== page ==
The biggest Irish festival took place this year after a two-year wait. The St Patrick’s Day parade had its editions cancelled in the years 2020 and 2021 due to the coronavirus pandemic, and it took place again on March 17, 2022, in Ireland.
The parade in Dublin began at noon on Parnell Square, down O’Connell Street, past College Green and Dame Street, before descending on Lord Edward Street and ending on Kevin Street around 2 pm.
As expected, the festival had the population decked out and in the holiday mood, with around 400,000 people from all around Ireland, as well as from around the world, according to the festival organizers.
Green beer was being sold after the parade and the pubs in the city centre were full of green people.
The commemoration was made all around the world, as happened on the Chicago River, in the USA, turned to green to celebrate the Irish day.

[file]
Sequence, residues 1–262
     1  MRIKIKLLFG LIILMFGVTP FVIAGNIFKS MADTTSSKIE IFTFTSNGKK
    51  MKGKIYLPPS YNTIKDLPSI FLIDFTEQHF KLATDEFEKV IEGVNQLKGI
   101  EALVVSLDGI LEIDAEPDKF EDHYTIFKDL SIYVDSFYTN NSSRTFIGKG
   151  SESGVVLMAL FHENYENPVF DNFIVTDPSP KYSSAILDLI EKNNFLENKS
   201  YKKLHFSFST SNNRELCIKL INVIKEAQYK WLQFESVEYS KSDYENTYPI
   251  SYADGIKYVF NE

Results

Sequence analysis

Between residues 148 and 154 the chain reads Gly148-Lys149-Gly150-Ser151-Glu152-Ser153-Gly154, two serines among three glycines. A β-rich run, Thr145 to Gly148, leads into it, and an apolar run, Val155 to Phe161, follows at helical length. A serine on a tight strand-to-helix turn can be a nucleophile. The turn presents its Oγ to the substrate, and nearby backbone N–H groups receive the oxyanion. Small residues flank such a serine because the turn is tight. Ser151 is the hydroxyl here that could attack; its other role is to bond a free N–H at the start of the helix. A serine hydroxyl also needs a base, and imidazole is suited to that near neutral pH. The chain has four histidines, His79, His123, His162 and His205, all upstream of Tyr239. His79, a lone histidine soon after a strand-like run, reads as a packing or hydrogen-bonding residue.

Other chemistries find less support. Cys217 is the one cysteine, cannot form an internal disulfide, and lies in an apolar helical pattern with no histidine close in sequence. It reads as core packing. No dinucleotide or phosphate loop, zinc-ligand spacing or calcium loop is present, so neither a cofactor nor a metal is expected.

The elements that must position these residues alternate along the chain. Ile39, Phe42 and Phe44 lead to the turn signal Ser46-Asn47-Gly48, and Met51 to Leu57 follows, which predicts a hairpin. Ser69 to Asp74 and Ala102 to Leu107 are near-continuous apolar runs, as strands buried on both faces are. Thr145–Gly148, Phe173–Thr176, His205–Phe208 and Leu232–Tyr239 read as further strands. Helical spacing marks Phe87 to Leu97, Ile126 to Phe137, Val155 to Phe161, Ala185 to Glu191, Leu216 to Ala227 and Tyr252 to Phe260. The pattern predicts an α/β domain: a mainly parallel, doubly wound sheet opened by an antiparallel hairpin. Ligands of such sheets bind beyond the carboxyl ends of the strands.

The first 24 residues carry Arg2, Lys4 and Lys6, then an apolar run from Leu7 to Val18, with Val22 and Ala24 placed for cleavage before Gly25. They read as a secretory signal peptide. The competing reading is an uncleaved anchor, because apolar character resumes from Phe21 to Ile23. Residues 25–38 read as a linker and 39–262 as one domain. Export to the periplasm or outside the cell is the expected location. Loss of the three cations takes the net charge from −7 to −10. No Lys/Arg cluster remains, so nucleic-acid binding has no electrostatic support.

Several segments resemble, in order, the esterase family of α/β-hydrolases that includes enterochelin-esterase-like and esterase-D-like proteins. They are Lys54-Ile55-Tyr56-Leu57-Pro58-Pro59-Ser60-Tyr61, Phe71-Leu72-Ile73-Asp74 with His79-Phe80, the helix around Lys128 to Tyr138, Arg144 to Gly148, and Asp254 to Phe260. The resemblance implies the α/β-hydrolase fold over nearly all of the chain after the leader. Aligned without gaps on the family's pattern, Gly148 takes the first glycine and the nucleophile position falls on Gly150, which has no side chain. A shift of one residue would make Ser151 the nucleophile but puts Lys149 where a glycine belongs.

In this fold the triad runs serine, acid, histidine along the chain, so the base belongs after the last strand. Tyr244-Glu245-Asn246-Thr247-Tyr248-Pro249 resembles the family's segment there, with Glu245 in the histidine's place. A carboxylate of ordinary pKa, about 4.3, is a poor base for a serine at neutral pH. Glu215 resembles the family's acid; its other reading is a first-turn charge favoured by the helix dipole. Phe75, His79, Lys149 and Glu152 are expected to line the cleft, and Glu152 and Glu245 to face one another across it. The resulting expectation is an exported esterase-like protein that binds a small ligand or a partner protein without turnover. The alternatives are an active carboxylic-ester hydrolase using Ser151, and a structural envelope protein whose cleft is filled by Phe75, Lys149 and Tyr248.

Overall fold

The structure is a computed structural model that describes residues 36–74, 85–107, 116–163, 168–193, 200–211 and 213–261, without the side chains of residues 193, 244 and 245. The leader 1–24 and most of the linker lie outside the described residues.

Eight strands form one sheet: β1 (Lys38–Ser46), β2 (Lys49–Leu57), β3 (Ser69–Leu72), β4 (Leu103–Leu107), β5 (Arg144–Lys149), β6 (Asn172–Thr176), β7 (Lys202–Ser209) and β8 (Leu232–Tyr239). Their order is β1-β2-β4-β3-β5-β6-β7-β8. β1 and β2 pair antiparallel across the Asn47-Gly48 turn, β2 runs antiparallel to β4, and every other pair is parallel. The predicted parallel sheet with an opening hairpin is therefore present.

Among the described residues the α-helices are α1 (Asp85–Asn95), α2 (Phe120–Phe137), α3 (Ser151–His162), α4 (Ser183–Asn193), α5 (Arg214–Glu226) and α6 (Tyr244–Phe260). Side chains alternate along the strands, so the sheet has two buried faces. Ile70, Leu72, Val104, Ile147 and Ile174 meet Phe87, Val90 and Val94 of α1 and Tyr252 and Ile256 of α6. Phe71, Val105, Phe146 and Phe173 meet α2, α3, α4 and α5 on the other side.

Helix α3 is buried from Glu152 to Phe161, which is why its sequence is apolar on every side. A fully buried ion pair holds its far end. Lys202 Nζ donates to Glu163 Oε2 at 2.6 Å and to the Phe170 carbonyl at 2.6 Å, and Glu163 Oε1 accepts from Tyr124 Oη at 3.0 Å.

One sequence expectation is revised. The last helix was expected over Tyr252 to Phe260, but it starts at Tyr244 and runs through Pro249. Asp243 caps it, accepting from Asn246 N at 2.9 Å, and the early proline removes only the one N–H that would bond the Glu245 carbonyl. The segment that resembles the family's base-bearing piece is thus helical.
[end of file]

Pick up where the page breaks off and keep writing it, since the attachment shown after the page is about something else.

St. Patrick’s Day is a national holiday in Ireland commemorating the patron saint of the country. The Catholic Church observes it as an official Christian feast day since the early 17th century. Public parades and celebrations are common, as is the wearing of green clothing or shamrocks. Saint Patrick’s Day is now observed in numerous nations, and current celebrations, notably those in North America, have been heavily influenced by those of the Irish diaspora.
Saint Patrick was a Romano-British Christian missionary and Bishop in Ireland around the fifth century. He is thought to have been born in the fourth century in Roman Britain. Irish raiders captured him and sold him as a slave in Gaelic Ireland. He worked as a shepherd for six years there, during which time he met God, who advised him to run to the coast, where a ship would be waiting to carry him home. Patrick went on to become a priest after returning home.
Patrick returned to Ireland, according to legend, to convert the pagan Irish to Christianity. He evangelized in the northern portion of Ireland for many years, converting thousands of people.
Patrick is also known for being the person who drove the snakes out of Ireland.